No jail time for driver responsible for two fatalities

Steven Lineker, whose inattentive driving led to two fatalities in Mission, will not serve jail time.

A Mission man who rear-ended another vehicle, causing the death of two people, will not see jail time, the Abbotsford provincial court decided on Thursday.

Steven Lineker, 36, was sentenced to a $2,000 fine and an 18-month driving prohibition.

On Oct. 16, 2010, Lineker had rear-ended a Chevy Cavalier on Lougheed Highway, between Manson Street and Dewdney Trunk Road. The Cavalier had stopped to make a left turn. The vehicle ended up being pushed into the opposite lane, where it collided with a Mazda Protege.

Anthony Shaves, 33, the driver of the Mazda, was killed, as was Lenore Hopkins, 76, the passenger of the Chevy. The driver of the Chevy survived only after spending months in a coma in a hospital.

Crown counsel Wayne Norris argued at the sentencing hearing on Sept. 20, 2013, that Lineker was distracted. He presented phone records that showed that Lineker made several calls in the few minutes surrounding the collision.

Defense lawyer David Forsyth argued that Lineker was using a legal hands-free bluetooth device for the calls.

Norris had recommended a sentence of a jail term of four to six months, a $2,000 fine, and a four-year driving prohibition.

The defense had recommended a fine, a driving suspension, and probation. The defense had acknowledged that if the judge felt a jail term was in order, then 10 to 21 days would be sufficient.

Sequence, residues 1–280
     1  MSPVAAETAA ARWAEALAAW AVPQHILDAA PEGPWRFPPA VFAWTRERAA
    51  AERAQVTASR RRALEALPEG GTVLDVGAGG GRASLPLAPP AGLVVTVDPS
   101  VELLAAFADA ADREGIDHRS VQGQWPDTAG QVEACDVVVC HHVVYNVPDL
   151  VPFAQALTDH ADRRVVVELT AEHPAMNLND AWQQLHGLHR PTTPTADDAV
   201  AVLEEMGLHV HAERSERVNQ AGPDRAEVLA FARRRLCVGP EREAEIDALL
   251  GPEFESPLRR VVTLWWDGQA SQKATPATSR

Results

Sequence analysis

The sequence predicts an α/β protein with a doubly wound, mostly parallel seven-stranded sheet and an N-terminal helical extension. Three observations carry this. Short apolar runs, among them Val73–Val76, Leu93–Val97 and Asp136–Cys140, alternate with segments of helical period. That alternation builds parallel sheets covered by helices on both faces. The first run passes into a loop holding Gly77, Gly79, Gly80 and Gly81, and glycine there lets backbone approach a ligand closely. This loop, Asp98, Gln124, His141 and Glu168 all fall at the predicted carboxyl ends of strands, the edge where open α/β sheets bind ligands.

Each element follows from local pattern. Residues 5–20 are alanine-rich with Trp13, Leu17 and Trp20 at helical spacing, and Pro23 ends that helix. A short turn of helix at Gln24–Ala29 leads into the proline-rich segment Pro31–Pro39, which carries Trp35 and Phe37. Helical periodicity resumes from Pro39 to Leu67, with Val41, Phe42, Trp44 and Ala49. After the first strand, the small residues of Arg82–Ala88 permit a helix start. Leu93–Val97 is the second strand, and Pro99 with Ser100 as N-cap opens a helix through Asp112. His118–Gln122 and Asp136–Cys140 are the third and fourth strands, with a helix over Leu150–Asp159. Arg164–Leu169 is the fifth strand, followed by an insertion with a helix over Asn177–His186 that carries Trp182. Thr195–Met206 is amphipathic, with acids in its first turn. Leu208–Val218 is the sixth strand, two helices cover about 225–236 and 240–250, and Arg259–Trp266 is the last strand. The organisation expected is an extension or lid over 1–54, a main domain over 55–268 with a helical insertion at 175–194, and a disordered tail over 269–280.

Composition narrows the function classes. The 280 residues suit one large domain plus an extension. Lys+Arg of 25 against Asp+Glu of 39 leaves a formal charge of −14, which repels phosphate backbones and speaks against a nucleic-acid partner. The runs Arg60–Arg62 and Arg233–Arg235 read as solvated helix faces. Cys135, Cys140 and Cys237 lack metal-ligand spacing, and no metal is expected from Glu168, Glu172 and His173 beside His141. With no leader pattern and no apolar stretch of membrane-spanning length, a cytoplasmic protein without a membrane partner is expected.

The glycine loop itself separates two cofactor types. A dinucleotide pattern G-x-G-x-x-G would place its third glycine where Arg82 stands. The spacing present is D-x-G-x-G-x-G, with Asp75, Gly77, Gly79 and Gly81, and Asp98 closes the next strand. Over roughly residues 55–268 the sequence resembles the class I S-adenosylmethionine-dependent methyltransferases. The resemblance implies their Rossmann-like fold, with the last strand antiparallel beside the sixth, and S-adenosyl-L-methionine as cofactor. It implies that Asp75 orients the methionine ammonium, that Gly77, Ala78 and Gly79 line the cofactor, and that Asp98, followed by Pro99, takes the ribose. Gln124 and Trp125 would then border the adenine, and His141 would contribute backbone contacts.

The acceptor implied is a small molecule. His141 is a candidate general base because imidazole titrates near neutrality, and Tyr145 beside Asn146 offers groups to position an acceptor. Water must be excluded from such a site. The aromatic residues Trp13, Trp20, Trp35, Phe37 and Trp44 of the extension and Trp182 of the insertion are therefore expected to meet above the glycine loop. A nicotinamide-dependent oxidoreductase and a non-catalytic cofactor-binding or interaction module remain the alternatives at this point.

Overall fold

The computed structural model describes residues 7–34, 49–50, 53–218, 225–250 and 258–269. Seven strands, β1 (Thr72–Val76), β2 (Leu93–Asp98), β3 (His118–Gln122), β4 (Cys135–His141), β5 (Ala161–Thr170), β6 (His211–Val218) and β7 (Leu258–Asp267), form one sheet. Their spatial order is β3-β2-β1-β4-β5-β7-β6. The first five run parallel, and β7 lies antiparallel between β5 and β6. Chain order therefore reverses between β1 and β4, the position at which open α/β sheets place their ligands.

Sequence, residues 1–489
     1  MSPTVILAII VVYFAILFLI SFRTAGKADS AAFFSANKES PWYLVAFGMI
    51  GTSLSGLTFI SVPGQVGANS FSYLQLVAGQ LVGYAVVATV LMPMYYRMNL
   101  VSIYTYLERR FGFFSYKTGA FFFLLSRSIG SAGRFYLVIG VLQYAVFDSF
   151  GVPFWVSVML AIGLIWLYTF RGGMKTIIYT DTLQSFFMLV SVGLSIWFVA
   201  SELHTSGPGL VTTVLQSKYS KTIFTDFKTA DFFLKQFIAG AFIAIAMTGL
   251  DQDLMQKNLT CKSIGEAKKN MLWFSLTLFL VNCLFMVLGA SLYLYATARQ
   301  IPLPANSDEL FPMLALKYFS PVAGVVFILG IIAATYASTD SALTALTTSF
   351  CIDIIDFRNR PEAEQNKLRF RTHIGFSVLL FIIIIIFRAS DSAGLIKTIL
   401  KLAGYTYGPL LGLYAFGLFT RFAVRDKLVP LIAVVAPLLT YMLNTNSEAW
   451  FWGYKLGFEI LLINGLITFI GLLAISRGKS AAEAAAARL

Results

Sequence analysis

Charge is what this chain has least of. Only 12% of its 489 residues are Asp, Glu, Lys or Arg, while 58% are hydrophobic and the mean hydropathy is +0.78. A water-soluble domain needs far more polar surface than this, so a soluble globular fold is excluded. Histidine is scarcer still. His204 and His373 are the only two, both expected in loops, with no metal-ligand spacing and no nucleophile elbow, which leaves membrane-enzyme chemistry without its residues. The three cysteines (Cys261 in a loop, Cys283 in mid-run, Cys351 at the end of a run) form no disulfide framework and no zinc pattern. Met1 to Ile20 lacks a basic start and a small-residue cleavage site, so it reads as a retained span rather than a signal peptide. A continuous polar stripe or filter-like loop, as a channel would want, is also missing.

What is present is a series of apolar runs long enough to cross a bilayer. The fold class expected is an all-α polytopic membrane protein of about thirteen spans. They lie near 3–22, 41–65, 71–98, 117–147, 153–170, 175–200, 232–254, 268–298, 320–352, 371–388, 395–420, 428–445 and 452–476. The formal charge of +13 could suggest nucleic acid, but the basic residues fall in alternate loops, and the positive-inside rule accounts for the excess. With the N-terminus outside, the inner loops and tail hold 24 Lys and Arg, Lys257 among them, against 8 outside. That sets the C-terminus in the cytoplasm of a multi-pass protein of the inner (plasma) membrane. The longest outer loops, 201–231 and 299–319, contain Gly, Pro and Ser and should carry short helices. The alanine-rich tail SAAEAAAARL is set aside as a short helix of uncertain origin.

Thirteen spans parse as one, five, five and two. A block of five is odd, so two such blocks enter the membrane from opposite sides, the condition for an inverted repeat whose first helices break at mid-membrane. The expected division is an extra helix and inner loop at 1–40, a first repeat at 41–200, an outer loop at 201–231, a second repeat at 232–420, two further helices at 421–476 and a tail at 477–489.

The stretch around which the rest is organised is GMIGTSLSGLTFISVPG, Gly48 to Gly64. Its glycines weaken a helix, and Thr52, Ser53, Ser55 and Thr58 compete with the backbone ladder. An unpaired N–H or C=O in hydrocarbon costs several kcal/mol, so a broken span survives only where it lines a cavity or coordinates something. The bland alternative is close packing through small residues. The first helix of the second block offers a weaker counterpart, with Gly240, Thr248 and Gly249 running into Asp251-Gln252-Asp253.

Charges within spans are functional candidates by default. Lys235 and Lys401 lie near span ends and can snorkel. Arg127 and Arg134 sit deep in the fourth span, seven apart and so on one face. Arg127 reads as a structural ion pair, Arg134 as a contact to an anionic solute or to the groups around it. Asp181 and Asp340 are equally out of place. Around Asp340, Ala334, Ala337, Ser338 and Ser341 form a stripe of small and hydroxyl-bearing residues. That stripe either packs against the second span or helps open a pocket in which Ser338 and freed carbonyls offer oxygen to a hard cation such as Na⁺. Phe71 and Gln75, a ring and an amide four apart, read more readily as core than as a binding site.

Norris said after the sentencing that the lighter final sentence of a $2,000 fine and an 18-month driving ban is appropriate given the evidence released during trial.

Under the evidence presented, Lineker was eventually sentenced for being inattentive, rather than causing the death of two people and injuring a third.

“There is a distinction between ‘dangerous driving,’ and ‘driving without due care and attention.’ The ‘dangerous driving’ has a much greater mental element to it,” said Norris.

“In this case, the evidence disclosed that he was simply being inattentive. We started out with charging him ‘dangerous driving causing death,’ but as trial proceeded, the evidence simply did not unfold as we had anticipated. In the result, the charge had to be changed to (Section)144 of the Motor Vehicle Act, which, on the evidence, is the correct charge.”

For a charge of ‘dangerous driving’ to hold, evidence of dangerous driving would need to have been found prior to the accident, and not during or after the collision had occurred.

The result of this trial is in keeping with other similar cases not only in B.C., but across the country, said Norris.

“It’s very few cases where jail is actually given for this kind of offence,” said Norris.

One of the deceased, Lenore Hopkins, had become a prominent member of the Fraser Valley community for having organized the Fraser Valley Toy Run. The annual event, now in its 27th year, has hundreds of motorcyclists ride across the Fraser Valley to collect donations of toys for the Christmas Bureaus. The event has been proceeding in Hopkins’ memory since her death.

Lineker declined to address the court when offered the opportunity to do so by judge G.J. Brown before the sentence was passed.

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